4 Lies you've heard about taking classes online
Online learning, distance education, eLearning — there are many names for taking classes online, but it’s an indisputable fact that the number of students choosing this modality has rapidly grown over the years. The National Center for Education Statistics (NCES) reports that while overall college enrollment dropped by almost 90,000 students from 2016 to 2017, the number of students who took at least some of their courses online grew by more than 350,000.
Fortunately, high-quality college courses have become more accessible than ever. Online learning has played an instrumental role in bringing world-class educational resources to those who can’t realistically commute to campus, to those who may feel more comfortable in a virtual learning environment and even to those who reside in developing nations.
Despite the fact that eLearning offers unmatched flexibility, many prospective students are still skeptical. Misconceptions related to distance education may be holding students like you back. Read on to discover the truth about taking classes online.
4 Common misconceptions about online learning
Best Colleges’ 2019 Trends in Online Education Report found that the primary concern online students have about participating in distance education was the quality of instruction and academic support. This was followed by a number of other concerns, such as worries about employers’ perception of online degrees and the supposed lack of community in a virtual environment.
We examined the research and looked to University of Massachusetts Global’s online learning resources to get to the bottom of these misconceptions.
1. Online courses lack the quality of on-campus courses
One of the most common misconceptions about distance education is that it isn’t as rigorous as on-campus learning. As you consider your options in going back to school, you’re inevitably wondering things like, Will I learn as much from an online program? or Are online classes hard?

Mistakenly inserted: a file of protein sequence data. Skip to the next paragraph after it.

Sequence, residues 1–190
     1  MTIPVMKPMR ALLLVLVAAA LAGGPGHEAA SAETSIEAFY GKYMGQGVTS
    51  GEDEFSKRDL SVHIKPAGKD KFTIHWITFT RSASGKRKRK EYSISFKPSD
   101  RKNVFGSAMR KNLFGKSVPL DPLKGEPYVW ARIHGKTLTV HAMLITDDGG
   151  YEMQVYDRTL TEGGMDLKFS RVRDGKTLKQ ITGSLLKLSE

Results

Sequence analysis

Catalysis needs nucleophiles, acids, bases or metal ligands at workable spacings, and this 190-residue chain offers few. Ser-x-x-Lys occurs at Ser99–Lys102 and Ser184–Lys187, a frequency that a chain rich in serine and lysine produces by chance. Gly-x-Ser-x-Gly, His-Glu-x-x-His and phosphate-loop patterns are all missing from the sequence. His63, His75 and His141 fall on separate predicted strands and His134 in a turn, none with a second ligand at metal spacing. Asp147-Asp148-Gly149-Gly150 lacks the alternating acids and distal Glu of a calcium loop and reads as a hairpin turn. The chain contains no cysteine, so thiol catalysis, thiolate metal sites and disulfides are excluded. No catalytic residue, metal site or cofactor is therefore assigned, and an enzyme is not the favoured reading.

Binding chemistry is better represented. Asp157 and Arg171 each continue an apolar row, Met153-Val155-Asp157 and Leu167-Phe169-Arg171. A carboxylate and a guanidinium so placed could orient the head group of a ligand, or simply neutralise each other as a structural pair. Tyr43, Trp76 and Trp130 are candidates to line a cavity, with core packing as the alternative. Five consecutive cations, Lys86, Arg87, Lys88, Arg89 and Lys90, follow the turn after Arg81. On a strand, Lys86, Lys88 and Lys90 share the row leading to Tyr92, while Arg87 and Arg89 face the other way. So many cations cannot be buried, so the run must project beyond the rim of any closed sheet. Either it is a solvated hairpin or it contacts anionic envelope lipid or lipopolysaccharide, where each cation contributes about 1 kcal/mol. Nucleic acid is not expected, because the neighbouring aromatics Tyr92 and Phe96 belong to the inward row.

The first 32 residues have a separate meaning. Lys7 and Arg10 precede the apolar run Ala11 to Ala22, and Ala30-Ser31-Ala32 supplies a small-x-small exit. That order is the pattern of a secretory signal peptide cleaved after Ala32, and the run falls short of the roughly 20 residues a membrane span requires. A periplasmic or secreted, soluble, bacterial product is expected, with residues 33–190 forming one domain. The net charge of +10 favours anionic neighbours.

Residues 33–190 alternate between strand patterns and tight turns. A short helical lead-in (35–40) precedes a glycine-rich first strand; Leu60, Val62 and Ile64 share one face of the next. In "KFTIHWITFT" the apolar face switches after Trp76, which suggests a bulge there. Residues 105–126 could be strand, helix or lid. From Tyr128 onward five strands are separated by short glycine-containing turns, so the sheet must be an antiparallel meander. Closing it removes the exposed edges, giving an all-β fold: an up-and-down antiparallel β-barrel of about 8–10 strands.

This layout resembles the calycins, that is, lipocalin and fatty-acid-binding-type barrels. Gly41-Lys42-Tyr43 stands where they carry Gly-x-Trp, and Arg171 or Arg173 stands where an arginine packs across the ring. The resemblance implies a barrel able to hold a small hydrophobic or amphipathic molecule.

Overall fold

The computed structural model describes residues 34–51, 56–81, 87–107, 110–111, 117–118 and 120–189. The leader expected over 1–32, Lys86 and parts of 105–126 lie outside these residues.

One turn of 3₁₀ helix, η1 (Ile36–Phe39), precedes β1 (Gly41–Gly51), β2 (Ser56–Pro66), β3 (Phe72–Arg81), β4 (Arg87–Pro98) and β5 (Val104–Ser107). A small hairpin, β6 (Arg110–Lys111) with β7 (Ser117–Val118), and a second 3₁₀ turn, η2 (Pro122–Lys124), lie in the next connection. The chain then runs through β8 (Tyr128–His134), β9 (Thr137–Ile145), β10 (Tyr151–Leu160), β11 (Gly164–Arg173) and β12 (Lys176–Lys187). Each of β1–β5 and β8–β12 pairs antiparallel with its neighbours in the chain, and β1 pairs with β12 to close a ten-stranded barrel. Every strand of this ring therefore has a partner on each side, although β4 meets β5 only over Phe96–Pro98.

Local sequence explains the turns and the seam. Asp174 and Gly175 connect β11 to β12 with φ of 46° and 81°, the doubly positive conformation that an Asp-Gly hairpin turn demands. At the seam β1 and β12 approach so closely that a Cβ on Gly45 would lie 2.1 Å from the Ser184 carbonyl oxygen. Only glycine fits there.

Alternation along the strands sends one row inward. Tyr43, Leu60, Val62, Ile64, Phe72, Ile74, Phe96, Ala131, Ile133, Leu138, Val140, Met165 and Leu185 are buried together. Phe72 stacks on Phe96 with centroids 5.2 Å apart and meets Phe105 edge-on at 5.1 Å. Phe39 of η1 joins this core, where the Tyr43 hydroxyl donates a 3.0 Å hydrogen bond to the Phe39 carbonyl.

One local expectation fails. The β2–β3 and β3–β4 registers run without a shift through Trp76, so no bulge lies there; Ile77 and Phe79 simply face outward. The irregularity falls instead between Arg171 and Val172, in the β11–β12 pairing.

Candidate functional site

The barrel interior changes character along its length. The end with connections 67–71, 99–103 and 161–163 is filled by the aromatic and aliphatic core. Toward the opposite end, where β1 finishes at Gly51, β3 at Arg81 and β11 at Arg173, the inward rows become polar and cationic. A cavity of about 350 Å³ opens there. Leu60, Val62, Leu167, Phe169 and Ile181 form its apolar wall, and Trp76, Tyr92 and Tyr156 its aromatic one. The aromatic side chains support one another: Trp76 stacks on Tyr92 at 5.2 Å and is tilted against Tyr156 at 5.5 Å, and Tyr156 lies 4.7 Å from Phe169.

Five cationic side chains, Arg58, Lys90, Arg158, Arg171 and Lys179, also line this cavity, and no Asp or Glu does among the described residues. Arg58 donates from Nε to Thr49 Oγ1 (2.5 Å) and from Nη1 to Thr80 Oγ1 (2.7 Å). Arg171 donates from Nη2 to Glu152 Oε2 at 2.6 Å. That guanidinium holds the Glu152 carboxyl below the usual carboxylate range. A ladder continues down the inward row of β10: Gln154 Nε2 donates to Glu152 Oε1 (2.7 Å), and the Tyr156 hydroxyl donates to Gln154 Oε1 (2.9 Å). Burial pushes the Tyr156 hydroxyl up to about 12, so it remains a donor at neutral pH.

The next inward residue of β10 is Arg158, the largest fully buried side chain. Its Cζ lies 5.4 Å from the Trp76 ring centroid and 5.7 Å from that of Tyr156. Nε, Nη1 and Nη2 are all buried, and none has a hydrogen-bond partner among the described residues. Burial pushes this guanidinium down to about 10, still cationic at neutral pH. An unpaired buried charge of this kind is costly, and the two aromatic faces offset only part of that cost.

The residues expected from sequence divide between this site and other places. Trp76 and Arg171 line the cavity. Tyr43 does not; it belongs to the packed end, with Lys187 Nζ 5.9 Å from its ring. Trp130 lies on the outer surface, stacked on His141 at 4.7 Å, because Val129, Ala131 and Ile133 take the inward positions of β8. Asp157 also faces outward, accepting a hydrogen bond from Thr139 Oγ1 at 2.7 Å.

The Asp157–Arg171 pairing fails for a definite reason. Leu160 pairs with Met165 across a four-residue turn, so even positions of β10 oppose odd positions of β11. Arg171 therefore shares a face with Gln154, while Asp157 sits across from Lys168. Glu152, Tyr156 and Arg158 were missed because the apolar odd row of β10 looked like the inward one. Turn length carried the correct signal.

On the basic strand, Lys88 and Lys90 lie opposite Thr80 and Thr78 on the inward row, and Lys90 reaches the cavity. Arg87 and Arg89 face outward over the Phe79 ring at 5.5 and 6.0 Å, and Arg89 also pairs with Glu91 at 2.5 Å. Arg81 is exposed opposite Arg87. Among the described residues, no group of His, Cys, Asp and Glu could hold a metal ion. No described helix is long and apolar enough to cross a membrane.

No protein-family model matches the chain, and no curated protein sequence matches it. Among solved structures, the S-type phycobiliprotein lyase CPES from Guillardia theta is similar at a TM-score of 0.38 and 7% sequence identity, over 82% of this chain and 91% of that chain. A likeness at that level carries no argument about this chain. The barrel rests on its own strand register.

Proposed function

In truth, distance learning can be challenging for those who aren’t used to autonomy. The most successful online learners often share the following abilities:
- They know how to prioritize time management
- They have the ability to stay motivated
- They know when to ask for help
- They are able to articulate themselves well through writing
- They’re confident in their abilities as a student
- They have basic technology skills
As long as students are able to keep up with the assigned coursework, the learning outcomes between online and face-to-face learning shouldn’t differ. In fact, a recent study from the U.S. Department of Education found that students who received face-to-face instruction had no advantage over online learners. In fact, the online students exhibited modestly stronger learning outcomes than their classroom counterparts.
There are other insights we’ve learned over time as well. Also consider that online learning often allows students to consume information in more digestible portions. That can make it easier to learn the material and understand how different concepts intertwine. And when technology is integrated into learning models, students are more likely to remain interested in the content, stay focused on their assignments and retain the information.
2. Your online degree will be less valued by potential employers
It’s clear that you stand to learn just as much in an online program as you would if you were attending courses on campus. Still, there’s a natural follow-up question: Will future employers take my online degree seriously? Completing an online program doesn’t matter to hiring managers as much as you might think.
The 2019 Trends in Online Education Report revealed that 38 percent of surveyed employers believe online learning is equal to on-campus learning. Only 10 percent believe it to be inferior. What’s more important to the hiring managers and human resources professionals who view your resume is that you received your degree from an accredited institution. Accreditation signifies that a college meets or exceeds the expected standards for a particular program, regardless of whether it’s on-campus or online.